Projects from scratch using time & material model

While small- & mid-size projects are usually easy to manage as fixed price contract could not be so trivial with large projects. The problem lies in the fact that it’s very hard to compose the whole product vision in a detailed document that covers all aspects of the software. Our experience working with different customers shows that efforts needed to create such document can be man-years of work of an skilled analyst. Moreover even if such document can be created it can go out of sync with the market requiring massive corrective actions. And finally the very essence of development requires R&D work to specify the next steps.

To make things run for this type of project we recommend our customers to stick to time & material contract driven by Scrum methodology. While it does not provide a secured estimate for the whole product (but what “whole” means in this case?) our customers still have full control on deliverables and budgeting for the next product increments.

Product increment here means that we release product on a regular basis following our sprint schedule. Each sprint takes 1-3 weeks to release. Continuous integration principle as long as commitment to automated testing allows us to deliver fully shippable code.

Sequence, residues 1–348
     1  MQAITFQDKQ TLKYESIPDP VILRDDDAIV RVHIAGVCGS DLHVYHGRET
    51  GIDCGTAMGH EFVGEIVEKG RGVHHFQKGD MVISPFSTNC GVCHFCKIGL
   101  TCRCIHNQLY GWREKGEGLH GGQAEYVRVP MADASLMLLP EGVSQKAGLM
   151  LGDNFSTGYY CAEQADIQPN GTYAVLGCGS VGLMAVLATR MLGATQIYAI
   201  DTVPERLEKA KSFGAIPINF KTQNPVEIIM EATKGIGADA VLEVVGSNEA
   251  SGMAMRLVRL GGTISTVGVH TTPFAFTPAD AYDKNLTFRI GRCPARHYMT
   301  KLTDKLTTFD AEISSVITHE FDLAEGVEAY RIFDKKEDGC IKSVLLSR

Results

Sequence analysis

For this approach it’s very important to have stakeholders involved into the process as we not only need some initial input, but also a regular review and feedback on results shown. It’s a responsibility of the product owner to maintain prioritized list of requirement in a form of user stories called backlog with a comprehensive help of Forma Pro.

Project development planning is a repeated activity in this case. We schedule a regular meeting that involves a team and a customer to actualize backlog and plan next sprints. Additionally Scrum as a methodology takes care of a business value of an increment released. Usually we have a schedule for several next sprints which gives our customer confidence in development tempo.